There is a lot of corruption and waste in agricultural subsidies, but the general principle holds true.

        Domestic politics is the continuation of civil war by other means.

        by Visceral on Wed Feb 05, 2014 at 12:43:57 PM PST

        [ Parent ]

        •  No, no, no, a thousand times no (12+ / 0-)

          Those subsidies help displace farmers throughout Mexico when our cheap corn flooded their markets. Those subsidies are forcing mono-culture production which is susceptible to disease and adverse conditions which will be coming from global warming. Those subsidies are billions of dollars going to massive conglomerates and corporations like Cargill and Monsanto. So pardon me if I don't see those as "necessary".

          Food processed to be nothing more than simple starches with two dozen flavorings and stabilizers added to make it appear to be food isn't "food". It's "feed" -- what you give to livestock to fatten them up for slaughter.

          by ontheleftcoast on Wed Feb 05, 2014 at 01:06:42 PM PST

          [ Parent ]

        •  Absolutely correct. (1+ / 0-)
          Recommended by:
          Roadbed Guy

          Mechanization, hybrid seeds, chemical fertilizers and all are so very expensive that it's hard to believe American farmers ever began using them.
          What were they thinking?  Must have been 'cause of that Communist FDR!

          "Our problem is not that the glass is half empty or half full, but that the 1% claims that it is their glass." ---Stolen from a post on Daily Kos

          by jestbill on Wed Feb 05, 2014 at 10:16:40 PM PST

          [ Parent ]

        •  Vast Profits in Agriculture (3+ / 0-)
          Recommended by:
          Mokurai, RosyFinch, Roadbed Guy

          Yes, the profit margins in commodity agriculture are thin. But commodities are produced in extremely large volume, so overall profits are very large. Commodities uniformity means they're produced en masse by factories, even when their product is live food. US factory farms are huge, so overhead is spread across very many more units, and directly connected to the largest and richest consumer market. Served by a first class transportation and communications system, a sophisticated government and private management system, on some of the most fertile and reliably irrigated land in the world. Worked by cheap labor, including the large majority of illegal immigrants, in the cheapest labor and environmental protections in the USA.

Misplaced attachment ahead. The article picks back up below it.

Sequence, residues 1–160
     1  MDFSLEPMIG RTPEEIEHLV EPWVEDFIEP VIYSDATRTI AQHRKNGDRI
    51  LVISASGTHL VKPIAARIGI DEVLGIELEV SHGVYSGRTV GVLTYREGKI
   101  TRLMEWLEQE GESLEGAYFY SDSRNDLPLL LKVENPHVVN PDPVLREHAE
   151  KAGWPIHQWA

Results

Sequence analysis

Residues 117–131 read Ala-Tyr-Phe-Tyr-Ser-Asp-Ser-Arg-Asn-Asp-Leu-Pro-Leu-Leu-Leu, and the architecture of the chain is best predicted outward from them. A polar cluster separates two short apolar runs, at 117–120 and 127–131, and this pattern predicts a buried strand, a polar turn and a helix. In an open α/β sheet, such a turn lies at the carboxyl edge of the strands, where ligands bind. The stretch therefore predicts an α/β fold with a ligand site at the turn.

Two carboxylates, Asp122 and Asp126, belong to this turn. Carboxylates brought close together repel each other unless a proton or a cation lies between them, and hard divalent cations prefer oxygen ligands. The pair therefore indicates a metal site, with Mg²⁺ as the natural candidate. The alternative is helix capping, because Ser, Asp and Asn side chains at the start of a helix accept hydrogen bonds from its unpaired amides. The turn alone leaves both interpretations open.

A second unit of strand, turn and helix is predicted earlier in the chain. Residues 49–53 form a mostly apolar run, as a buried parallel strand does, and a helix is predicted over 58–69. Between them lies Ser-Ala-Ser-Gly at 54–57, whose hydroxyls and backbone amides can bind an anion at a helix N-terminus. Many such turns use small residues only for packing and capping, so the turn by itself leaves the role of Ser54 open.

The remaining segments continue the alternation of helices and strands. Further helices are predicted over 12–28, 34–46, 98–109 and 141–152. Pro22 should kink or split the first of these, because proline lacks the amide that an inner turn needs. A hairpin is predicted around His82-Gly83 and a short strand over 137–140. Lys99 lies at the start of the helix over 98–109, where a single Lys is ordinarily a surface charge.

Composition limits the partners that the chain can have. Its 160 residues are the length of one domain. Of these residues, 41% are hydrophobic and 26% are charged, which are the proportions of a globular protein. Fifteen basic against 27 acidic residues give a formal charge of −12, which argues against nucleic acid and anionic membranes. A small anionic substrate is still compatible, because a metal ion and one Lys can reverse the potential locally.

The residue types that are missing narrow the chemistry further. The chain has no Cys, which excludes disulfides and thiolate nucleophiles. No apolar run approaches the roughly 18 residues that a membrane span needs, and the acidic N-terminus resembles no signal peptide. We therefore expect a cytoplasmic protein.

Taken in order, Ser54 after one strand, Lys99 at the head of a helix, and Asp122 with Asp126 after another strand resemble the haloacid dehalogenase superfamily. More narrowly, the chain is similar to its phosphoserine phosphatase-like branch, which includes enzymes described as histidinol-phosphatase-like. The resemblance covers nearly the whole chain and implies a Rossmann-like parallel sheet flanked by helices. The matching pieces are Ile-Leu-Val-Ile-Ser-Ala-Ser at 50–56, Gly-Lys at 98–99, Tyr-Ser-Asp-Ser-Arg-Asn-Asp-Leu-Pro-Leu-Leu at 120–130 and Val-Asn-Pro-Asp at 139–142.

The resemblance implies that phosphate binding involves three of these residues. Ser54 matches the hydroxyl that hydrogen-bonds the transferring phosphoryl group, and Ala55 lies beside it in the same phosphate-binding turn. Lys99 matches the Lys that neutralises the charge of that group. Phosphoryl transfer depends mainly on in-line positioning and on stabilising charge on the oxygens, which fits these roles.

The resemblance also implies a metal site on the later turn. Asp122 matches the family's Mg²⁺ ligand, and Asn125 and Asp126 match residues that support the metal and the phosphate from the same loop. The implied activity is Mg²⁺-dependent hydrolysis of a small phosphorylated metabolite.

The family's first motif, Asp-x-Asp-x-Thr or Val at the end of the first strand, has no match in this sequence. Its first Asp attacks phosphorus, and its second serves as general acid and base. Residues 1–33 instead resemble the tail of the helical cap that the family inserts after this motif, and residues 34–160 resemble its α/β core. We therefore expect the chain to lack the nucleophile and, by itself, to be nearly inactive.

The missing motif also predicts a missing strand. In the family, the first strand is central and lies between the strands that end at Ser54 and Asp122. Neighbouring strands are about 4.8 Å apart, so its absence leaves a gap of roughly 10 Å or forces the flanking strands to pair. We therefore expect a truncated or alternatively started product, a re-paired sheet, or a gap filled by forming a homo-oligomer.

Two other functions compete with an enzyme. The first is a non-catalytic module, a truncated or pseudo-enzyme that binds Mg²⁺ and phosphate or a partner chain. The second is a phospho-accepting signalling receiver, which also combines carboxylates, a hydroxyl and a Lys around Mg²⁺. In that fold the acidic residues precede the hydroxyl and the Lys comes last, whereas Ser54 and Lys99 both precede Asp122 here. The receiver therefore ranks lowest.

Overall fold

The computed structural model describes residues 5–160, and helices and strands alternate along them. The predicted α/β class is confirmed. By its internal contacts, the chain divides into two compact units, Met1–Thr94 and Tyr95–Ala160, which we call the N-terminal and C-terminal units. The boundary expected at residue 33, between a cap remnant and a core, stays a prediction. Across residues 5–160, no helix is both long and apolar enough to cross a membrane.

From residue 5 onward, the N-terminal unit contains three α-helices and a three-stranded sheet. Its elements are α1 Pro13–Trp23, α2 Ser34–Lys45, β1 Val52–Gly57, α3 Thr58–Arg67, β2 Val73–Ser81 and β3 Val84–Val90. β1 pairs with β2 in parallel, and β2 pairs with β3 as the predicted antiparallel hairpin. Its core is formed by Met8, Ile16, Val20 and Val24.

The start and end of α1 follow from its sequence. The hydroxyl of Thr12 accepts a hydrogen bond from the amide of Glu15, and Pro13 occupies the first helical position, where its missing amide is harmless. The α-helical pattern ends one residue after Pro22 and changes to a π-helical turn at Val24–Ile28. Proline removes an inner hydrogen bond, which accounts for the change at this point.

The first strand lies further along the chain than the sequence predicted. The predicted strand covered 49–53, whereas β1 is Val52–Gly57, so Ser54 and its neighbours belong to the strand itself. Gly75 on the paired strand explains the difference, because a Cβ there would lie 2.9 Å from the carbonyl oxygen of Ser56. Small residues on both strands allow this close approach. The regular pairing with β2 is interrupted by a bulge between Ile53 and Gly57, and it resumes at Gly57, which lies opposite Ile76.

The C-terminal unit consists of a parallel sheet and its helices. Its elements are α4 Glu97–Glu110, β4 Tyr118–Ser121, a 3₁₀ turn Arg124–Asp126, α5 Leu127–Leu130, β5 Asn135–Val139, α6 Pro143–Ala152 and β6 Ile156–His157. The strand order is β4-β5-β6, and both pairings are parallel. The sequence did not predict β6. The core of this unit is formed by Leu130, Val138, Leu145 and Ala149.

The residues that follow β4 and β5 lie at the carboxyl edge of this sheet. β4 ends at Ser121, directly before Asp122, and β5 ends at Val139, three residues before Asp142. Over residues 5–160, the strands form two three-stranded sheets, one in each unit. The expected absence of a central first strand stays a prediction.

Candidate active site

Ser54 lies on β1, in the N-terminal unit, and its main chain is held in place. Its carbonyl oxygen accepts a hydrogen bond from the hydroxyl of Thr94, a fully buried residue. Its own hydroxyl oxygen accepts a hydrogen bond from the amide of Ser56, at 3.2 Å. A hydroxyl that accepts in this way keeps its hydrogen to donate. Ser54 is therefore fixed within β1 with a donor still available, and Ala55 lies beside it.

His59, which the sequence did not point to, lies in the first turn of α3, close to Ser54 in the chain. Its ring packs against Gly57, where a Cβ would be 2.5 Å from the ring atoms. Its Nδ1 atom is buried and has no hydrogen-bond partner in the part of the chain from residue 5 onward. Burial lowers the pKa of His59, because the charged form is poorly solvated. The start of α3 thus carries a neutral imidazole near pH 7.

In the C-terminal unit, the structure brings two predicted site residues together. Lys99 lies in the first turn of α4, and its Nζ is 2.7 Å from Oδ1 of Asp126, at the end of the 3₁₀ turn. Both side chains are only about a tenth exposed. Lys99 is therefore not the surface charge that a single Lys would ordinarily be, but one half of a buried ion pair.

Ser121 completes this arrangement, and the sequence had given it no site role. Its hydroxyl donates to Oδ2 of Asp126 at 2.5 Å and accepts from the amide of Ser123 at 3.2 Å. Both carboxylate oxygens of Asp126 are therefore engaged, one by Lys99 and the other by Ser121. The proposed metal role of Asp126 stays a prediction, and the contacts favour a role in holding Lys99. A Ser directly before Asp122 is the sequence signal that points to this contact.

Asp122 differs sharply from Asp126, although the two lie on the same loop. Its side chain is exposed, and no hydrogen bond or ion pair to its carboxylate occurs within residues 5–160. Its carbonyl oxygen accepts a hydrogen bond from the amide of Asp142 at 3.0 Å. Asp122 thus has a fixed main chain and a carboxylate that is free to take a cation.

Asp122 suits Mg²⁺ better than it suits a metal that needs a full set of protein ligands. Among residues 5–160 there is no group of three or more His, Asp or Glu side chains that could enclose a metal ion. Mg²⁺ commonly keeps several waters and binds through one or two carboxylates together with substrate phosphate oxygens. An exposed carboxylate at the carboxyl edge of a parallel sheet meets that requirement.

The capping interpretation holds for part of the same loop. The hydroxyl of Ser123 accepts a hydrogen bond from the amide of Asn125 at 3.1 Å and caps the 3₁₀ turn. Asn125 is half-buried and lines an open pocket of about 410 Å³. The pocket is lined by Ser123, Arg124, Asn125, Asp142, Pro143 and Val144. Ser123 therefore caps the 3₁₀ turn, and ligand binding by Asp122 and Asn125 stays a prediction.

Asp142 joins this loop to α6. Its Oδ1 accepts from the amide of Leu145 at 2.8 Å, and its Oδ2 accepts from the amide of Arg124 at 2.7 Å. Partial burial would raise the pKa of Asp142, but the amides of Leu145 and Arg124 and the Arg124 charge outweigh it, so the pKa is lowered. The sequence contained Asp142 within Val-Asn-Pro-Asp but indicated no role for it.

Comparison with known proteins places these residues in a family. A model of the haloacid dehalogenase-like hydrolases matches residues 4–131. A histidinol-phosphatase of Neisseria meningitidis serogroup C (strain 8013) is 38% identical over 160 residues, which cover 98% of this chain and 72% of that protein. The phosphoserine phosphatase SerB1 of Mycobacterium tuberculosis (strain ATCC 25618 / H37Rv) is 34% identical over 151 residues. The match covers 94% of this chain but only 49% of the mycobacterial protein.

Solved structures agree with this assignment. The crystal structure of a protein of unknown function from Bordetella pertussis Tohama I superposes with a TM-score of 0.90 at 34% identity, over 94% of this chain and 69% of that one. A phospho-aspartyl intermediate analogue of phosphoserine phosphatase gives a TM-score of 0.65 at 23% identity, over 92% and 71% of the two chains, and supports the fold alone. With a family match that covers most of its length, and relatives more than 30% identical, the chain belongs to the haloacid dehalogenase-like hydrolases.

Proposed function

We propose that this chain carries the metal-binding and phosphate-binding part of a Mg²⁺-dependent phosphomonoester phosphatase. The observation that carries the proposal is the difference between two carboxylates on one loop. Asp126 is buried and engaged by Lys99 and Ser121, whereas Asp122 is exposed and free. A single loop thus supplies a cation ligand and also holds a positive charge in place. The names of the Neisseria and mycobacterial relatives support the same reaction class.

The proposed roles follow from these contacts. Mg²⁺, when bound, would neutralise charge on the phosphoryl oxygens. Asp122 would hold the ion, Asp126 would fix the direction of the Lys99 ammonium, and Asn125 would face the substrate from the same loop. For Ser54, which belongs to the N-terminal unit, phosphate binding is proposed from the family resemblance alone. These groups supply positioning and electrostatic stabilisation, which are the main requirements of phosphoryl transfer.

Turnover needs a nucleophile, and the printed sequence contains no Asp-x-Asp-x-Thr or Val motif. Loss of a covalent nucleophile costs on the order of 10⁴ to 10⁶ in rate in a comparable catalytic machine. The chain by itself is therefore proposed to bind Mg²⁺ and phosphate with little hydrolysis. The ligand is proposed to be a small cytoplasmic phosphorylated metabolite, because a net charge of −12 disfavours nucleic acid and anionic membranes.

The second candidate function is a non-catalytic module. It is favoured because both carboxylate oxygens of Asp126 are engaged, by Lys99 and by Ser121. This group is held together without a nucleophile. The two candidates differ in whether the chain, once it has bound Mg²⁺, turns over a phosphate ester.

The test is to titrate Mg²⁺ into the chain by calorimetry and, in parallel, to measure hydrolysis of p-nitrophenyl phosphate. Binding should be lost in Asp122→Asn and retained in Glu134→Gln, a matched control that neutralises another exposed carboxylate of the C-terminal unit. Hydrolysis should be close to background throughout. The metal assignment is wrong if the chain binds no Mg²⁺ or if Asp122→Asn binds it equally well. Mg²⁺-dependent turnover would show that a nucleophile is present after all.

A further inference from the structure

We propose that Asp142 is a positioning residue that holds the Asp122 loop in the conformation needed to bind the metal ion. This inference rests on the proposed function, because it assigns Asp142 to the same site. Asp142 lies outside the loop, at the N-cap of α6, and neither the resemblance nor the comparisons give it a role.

There's also a lot of corruption and waste in agricultural subsidies.

          All of which makes US agriculture hundreds of $BILLIONS in profits every year as it feeds the world.

          "When the going gets weird, the weird turn pro." - HST

          by DocGonzo on Thu Feb 06, 2014 at 05:59:12 AM PST

          [ Parent ]

      •  One would think they'd (5+ / 0-)

        want the valuable information this could provide.  The attitude that we are not all in this together, against the fact that united we could be stronger in solving the issues that face us, makes me sad.

        "You want to be a bit compulsive in your art or craft or whatever you do." Steve Martin

        by Kristin in WA on Wed Feb 05, 2014 at 07:43:29 PM PST

        [ Parent ]

        •  One would think that this initiative would (3+ / 0-)
          Recommended by:
          cotterperson, La Gitane, DocGonzo

          be disseminated throughout the network of county extension programs and not in some rarified localized program.  Why is it that this program is focused only on hubs?

          Why does this program even have to be framed as one that is created to address climate change?  This program should be advanced as a helpful program.

    •  By Taxes on the Blue States (1+ / 0-)
      Recommended by:
      Roadbed Guy

      It's being funded by taxes and debt, like everything else in the Federal budget. Including the agriculture subsidies.

      Which means working people in the Blue States: the ones who voted for Gore in 2000.

      "When the going gets weird, the weird turn pro." - HST

      by DocGonzo on Thu Feb 06, 2014 at 05:53:00 AM PST

      [ Parent ]

    •  'very little new money' (1+ / 0-)
      Recommended by:
      Roadbed Guy

      today's local report

      Designation as a regional climate hub may bring added attention to the U.S. Forest Service’s Pacific Northwest Research Station laboratory in Corvallis, but the tag doesn’t come with any fresh funding or additional resources.